What if we declare allegiance to our local communities?

At my desk, I have a little Iowa flag; it reads: “Our freedoms we hold dear and our rights we will uphold.” This commitment does not mention our responsibilities to Iowa; for example, our duty to protect Iowa’s soil, water and biodiversity – the land. Nor does it say anything about our responsibility to our communities.

I offered a possible addition: “Our duty to restore Iowa’s land and water we will fulfill, and our responsibility to community, equity, and health we will gladly fulfill. “

At a time when manufactured divisions and the promotion of hatred seem to have confused many, we need ways to find our bearings and rediscover what we share in common where we live. The forces of division want us to think by labels: Democrats, Republicans, conservatives, liberals, immigrants, etc. An “other” is created, and the members of this other group (choose your label) would be so different from us that there is something wrong with them that we should oppose. In my experience, the best antidote to these lies is a renewed commitment to the life of your community, where you live.

My experience has been that when we participate in the essential work of improving local life, we will soon see that ‘others’ too are human beings and are interested in making things better, and that the work we do together will probably help us see our shared humanity in each other. I am inspired by the work of so many people and organizations who have stayed behind and committed a lifetime of service to their home communities and regions.

Following:Opinion: These “acts of good neighborliness” can recharge us

Following: Read Des Moines Councilwoman Indira Sheumaker’s oath to the people

What if we developed and declared our allegiance to the local community where we live?

Here is my first draft of what mine would be:

“I swear allegiance to my home area where I live in Black Hawk County, Iowa. I will work to protect and improve Dry Run Creek, Cedar River, and many other waterways in our area. I am committed to helping local people to value and better protect the natural spaces and wide open spaces that bring us so much joy, health and beauty I am committed to protecting the floodplains of our region against the acts of recklessness that degrades them and leaves us all vulnerable to future flooding.At the wooded area near 18th and the Main where barded owls, crows, red-headed vultures live at the end of my block in Cedar Falls, I swear allegiance.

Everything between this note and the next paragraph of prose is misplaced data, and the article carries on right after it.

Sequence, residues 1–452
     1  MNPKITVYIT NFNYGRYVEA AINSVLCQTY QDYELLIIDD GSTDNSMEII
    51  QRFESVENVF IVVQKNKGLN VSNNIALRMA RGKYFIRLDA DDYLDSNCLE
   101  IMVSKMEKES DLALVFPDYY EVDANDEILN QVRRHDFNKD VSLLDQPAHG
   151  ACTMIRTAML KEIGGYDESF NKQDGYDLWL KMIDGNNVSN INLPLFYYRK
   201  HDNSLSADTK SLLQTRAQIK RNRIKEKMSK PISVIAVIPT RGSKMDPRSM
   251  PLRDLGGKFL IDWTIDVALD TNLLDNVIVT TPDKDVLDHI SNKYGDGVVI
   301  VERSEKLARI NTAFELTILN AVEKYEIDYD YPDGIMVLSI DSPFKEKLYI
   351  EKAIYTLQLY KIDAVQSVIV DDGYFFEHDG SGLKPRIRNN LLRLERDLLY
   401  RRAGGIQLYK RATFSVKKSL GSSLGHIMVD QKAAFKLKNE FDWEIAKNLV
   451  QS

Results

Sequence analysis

“I am committed to supporting the fruit and vegetable farms around us whose crops make us healthy. I promise to buy a significant part of what I eat from local fruit and vegetable producers, bakers, honey producers, creameries and other local food businesses around us so my food dollars support their livelihoods I will work to help restaurants, grocers, schools and institutions around us buy local produce I will work to address food inequities in our community where many do not have access to a full-service grocery store to keep fresh fruits and vegetables healthy.

“I am committed to making neighborhoods in my community more livable and enjoyable, creating safe spaces for pedestrians and cyclists and planting many more trees in public spaces for shade, beauty and walking. .”

Swearing allegiance to this place, to the people around you, and to the land we live in, gives meaning to our broader and more abstract allegiance to the flag. The two go together. It is neither possible nor consistent to pledge allegiance to the flag and yet not commit to addressing the inequalities and needs of the local community where we live. Commitment to the region of origin is a heroic task of a lifetime.

The Pledge of Allegiance is an expression of our love and loyalty to the place of origin. It takes all of us to keep this commitment; it is the opposite of being divided and every man for himself. There are endless ways to renew our devotion to where we live in Iowa. What do you like and are committed to improving in your community in 2022?

Kamyar Enshayan

Kamyar Enshayan works at the University of Northern Iowa; he served on the Cedar Falls City Council from 2003 to 2011. You can reach him at [email protected]

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